VENICE FILM REVIEW: Binoche in ‘A Few Days in September’

By Ray Bennett

VENICE – The title of Santiago Amigorena’s atmospheric post-Cold War thriller “A Few Days in September” sounds almost casual until it becomes clear that the year is 2001 and the few days are those leading up to Sept. 11.

The story, however, is not about the terrible events of that day nor anyone directly involved in them. Set in Paris and Venice, it is about a small group of people who know in advance that something cataclysmic is about to happen and seek to profit from it.

A Few Days in September poster x325Deeply cynical about world financial and political affairs, the film suggests that curious activity on the stock market in the period prior to the attack on the World Trade Center meant that a few investors were able to exploit it ruthlessly.

The film, due for U.K. release on Sept. 14,  boasts sharp performances by Juliette Binoche, as a government agent, and John Turturro, as a neurotic assassin, and there’s an off-centre love story that involves Sara Forestier and Tom Riley.

It combines intrigue, suspense and black humour and with dialogue as much in English as in French, it should find boxoffice rewards in the substantial market for thrillers tinged with conspiracy theories.

Binoche is charmingly convincing as a sophisticated French female James Bond named Irene, who speaks several languages, is handy with an automatic, and has kept a pet turtle longer than she keeps her men. When she gets word that an American spy named Elliot (Nick Nolte), with whom she used to work but hasn’t seen in 10 years, wants to see his two grown children urgently, she sets up the meeting. The reason for his sudden reappearance and wish to see his kids is shrouded in mystery and dangerous for all concerned.

Orlando (Forestier) is Elliot’s daughter by his first wife, a Frenchwoman who was murdered in Baghdad a decade earlier, while David (Riley) is the son of his second wife, an American who subsequently died of cancer. Not only are the two strangers to each other, but also Orlando hates her father for abandoning her after her mother’s death, while David adores him.

The sparks of their growing relationship from non-blood siblings to something rather more intimate, as the seen-it-all Irene looks on, provide the warmth of the film, which is otherwise about spies still very much out in the cold. Forestier and Riley develop real chemistry with the bland American boy proving sharper than he looks and the tough French cookie a little more vulnerable than she sounds.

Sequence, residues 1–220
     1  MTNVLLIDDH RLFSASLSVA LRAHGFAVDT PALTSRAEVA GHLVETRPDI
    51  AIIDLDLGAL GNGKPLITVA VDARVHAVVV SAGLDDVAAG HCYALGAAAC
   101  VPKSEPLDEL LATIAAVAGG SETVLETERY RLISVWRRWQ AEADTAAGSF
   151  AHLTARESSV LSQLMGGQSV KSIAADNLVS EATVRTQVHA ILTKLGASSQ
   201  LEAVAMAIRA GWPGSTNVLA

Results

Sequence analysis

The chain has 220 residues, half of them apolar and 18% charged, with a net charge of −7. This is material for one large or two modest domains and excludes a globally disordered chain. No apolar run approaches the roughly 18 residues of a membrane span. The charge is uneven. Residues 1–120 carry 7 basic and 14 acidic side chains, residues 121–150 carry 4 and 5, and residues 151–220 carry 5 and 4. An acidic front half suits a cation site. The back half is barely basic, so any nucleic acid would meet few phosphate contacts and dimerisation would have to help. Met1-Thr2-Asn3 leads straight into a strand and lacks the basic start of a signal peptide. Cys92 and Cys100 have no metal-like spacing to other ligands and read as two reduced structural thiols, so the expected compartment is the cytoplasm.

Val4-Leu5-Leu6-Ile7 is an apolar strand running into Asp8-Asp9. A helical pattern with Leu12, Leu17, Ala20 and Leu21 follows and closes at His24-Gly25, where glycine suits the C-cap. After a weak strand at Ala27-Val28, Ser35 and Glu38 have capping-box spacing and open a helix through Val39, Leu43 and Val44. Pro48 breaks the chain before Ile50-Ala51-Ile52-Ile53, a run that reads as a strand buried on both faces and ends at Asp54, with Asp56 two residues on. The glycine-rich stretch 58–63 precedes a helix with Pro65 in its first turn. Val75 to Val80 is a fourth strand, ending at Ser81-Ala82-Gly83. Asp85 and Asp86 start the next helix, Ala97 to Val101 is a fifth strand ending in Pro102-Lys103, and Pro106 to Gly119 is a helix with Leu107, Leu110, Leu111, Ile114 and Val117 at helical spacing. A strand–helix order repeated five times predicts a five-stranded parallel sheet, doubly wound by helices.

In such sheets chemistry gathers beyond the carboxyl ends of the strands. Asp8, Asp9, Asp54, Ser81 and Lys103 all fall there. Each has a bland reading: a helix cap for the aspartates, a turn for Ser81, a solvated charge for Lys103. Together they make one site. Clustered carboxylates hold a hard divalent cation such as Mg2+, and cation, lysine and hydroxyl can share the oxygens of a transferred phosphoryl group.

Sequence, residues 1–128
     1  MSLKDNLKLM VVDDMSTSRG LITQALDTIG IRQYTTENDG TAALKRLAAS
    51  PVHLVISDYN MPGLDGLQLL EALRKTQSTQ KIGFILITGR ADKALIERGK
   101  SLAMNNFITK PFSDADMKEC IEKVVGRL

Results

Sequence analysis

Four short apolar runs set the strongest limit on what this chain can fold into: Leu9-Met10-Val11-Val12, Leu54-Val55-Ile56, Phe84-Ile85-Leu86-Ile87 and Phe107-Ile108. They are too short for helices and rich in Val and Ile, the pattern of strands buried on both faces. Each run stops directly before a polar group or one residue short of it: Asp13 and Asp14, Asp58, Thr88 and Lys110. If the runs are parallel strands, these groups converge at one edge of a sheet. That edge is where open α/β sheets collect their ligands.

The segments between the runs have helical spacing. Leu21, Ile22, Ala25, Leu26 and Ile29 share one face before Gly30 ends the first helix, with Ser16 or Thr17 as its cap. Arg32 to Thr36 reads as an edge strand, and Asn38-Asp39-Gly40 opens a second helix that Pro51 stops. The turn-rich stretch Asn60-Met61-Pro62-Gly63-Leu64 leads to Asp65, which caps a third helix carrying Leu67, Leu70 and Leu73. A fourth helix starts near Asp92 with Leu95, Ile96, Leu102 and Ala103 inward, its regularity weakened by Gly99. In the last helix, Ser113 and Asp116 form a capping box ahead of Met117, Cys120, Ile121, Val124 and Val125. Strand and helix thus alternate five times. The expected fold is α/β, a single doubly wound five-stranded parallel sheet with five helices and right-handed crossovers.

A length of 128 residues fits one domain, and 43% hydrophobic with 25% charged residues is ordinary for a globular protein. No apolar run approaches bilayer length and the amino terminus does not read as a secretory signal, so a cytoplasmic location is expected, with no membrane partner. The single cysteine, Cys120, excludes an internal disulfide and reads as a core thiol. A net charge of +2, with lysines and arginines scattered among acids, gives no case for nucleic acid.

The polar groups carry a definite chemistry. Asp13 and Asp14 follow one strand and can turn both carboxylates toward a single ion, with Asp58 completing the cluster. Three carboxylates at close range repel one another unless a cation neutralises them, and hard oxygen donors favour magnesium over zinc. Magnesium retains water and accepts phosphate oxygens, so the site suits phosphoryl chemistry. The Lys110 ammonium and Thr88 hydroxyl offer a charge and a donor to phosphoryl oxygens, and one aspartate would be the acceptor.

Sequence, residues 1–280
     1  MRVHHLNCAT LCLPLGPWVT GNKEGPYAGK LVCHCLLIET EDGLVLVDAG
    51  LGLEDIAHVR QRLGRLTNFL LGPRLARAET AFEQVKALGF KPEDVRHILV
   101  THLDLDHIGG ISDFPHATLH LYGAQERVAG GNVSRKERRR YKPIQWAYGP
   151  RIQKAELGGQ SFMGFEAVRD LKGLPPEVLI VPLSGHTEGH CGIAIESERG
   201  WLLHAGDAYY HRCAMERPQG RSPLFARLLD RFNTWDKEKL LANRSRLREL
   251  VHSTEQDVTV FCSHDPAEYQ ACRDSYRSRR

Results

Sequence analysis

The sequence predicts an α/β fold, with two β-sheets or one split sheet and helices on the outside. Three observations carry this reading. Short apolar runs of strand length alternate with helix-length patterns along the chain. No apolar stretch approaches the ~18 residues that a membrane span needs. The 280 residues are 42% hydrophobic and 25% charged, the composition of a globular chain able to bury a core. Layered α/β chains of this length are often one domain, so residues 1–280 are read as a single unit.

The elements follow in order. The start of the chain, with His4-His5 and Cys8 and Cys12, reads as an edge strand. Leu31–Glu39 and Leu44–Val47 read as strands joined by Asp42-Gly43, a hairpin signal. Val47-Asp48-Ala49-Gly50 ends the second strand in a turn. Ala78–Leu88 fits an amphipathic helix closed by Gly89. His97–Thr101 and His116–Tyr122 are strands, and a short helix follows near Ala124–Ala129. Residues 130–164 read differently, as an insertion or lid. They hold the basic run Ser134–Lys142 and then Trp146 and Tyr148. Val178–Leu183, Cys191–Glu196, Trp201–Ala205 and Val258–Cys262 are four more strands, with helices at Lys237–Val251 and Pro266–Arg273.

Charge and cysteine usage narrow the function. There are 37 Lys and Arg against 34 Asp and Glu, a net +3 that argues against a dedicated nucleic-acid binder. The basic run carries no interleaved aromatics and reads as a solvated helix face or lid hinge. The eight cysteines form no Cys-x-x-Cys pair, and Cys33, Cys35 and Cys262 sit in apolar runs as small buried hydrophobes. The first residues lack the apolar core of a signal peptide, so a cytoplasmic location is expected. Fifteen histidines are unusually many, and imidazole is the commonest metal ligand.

Elliot remains unseen for most of the picture, using a sinister pair of bankers to pass messages to Irene as she deals with watchers and go-betweens in order to protect her charges from a relentless CIA assassin named William Pound (Turturro). Traveling from Paris to Venice for the meeting with Elliot, Irene stays one step ahead of Pound who leaves a trail of dead bodies behind him. Turturro is darkly humorous as a killer who loves poetry and who telephones his analyst for reassurance while on assignments.

Helped considerably by cinematographer Christophe Beaucarne, Buenos Aires-born screenwriter Amigorena makes a fine impression directing his first feature. They have managed to come up with sparklingly fresh images of the two cities, and contrast them vividly with nighttime sequences that are pure noir, with rainy streets, blinking neon and dripping blood.

Venue: Venice International Film Festival, Out of Competition; Cast: Irene: Juliette Binoche; William Pound: John Turturro; Orlando: Sara Forestier; David: Tom Riley; Elliot: Nick Nolte; Younger banker: Mathieu Demy; Older banker: Said Adamis.Writer, director: Santiago Amigorena; Producer: Paulo Branco; Director of photography: Christophe Beaucarne; Art director: Emmanuelle Duplay; Editor: Sarah Turoche; Music: Laurent Martin; Gemini Films, Les Films du Rat, France 2 Cinema, Production Group; Running time: 110 minutes.

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